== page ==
It's easy to be dogged by negative thoughts when you are looking for work, but it is also very counterproductive. If you have been job-hunting for a while, you start thinking the problem is with you, rather than the labor market.
Negative thoughts — “Of course they don't need someone like me” or “I'll never find a job” — can rob job seekers of energy and hamper their efforts.
There is a set of skills, a study of unemployed people found, that helps overcome these kinds of thoughts and makes it far more likely someone will receive a job offer.
People who reported using cognitive-behavioral techniques were more likely to show an improvement in depressive symptoms and report that they had received a job offer.
“Searching for a job is difficult in any circumstance, but it may be even more difficult for people who are depressed. But we found that there are specific skills that can help not only manage the symptoms of depression but also make it more likely that a person will receive a job offer,” said study co-author Daniel Strunk.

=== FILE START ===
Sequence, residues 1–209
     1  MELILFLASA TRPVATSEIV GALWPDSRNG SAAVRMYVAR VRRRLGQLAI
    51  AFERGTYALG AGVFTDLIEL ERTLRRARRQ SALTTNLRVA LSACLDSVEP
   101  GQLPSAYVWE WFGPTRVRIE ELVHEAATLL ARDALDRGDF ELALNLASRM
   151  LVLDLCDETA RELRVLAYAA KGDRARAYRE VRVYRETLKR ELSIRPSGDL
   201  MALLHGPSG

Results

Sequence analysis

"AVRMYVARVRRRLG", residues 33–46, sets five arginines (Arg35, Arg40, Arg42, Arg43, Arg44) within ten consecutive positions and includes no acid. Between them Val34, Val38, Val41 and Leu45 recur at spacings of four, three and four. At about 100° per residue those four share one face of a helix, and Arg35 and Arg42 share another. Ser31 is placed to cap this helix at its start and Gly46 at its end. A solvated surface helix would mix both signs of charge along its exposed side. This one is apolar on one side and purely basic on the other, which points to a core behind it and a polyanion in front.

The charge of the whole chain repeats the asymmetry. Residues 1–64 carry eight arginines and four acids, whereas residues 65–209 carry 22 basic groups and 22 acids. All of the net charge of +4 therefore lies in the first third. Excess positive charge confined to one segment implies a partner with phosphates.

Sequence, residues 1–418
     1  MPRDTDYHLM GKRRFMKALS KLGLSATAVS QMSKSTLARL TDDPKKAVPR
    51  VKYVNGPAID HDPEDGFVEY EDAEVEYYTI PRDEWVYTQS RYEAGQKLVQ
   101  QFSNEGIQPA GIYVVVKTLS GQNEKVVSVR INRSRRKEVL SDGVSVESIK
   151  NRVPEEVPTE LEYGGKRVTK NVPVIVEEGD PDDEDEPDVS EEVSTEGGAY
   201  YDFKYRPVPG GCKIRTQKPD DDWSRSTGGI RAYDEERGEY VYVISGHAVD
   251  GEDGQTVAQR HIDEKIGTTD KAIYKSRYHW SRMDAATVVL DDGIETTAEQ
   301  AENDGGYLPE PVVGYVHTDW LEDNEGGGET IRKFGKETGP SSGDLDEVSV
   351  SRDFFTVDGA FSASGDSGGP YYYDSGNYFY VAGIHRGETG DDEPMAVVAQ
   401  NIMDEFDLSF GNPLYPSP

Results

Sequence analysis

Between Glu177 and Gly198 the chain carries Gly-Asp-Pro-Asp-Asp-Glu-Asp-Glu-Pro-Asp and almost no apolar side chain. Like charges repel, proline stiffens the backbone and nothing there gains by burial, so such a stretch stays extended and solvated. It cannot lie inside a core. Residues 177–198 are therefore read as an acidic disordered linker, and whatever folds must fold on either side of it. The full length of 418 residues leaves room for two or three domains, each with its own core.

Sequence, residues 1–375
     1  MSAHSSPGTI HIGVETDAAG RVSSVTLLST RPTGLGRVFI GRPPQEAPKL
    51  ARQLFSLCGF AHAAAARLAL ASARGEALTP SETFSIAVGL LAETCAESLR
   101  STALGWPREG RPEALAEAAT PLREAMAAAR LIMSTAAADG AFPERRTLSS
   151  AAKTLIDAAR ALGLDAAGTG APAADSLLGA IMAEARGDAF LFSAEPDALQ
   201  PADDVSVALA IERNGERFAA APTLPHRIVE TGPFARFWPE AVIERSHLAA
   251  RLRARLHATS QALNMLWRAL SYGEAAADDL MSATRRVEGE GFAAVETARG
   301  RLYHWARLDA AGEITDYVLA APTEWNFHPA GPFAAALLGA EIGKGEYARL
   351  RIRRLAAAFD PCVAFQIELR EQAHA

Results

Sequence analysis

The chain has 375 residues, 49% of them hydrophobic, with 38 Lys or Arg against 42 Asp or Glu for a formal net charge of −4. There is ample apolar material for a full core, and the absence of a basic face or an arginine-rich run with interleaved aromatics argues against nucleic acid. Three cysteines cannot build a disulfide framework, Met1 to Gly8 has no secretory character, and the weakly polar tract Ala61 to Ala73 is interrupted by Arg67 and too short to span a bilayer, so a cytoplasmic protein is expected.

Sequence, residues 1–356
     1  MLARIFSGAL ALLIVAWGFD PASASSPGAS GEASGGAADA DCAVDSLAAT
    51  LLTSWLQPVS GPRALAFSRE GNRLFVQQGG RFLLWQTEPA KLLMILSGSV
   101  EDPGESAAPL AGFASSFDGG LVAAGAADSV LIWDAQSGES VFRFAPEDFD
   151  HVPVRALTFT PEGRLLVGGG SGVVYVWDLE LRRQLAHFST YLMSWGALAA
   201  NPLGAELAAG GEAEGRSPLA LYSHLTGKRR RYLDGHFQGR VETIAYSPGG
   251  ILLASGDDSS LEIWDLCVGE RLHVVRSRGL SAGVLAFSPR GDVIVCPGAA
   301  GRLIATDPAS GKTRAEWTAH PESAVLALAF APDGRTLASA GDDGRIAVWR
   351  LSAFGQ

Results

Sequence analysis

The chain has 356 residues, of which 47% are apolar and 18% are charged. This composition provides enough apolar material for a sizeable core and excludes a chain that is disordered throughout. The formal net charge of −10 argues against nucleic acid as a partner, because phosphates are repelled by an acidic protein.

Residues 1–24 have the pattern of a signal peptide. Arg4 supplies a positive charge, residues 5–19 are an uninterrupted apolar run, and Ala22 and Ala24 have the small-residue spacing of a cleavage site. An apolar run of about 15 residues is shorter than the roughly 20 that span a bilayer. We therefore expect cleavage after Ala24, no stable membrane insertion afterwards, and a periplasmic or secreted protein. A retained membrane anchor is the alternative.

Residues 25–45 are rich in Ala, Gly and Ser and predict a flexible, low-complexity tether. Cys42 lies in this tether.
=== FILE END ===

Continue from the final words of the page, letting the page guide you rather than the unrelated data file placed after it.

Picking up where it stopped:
These skills he refers to are commonly taught as part of cognitive behavioral (CB) therapy. CB skills include:
Strunk, an associate professor of psychology at Ohio State University, emphasizes how important it is to learn techniques for dealing with negative thoughts: “Some people just naturally catch themselves when they have negative thoughts and refocus on the positive and use other CB skills. These are the people who were more likely to find a job.”
Seventy-five unemployed people, aged 20 to 67, took part in two online surveys taken three months apart, and also completed several questionnaires that measured depressive symptoms, a variety of other psychological variables, as well as how often they used CB skills such as countering their own negative thoughts.
After three months, people who reported using the cognitive-behavioral skills were more likely to show an improvement in depressive symptoms and report that they had received a job offer.
Some people naturally see the glass as half empty. There are probably some jobs, such as insurance claims adjuster, where that may be an asset, but in general, negativity is not what employers are looking for. So it makes sense that focusing on how the glass is also half full is much more likely to get you hired.
The study appears in the Journal of Clinical Psychology.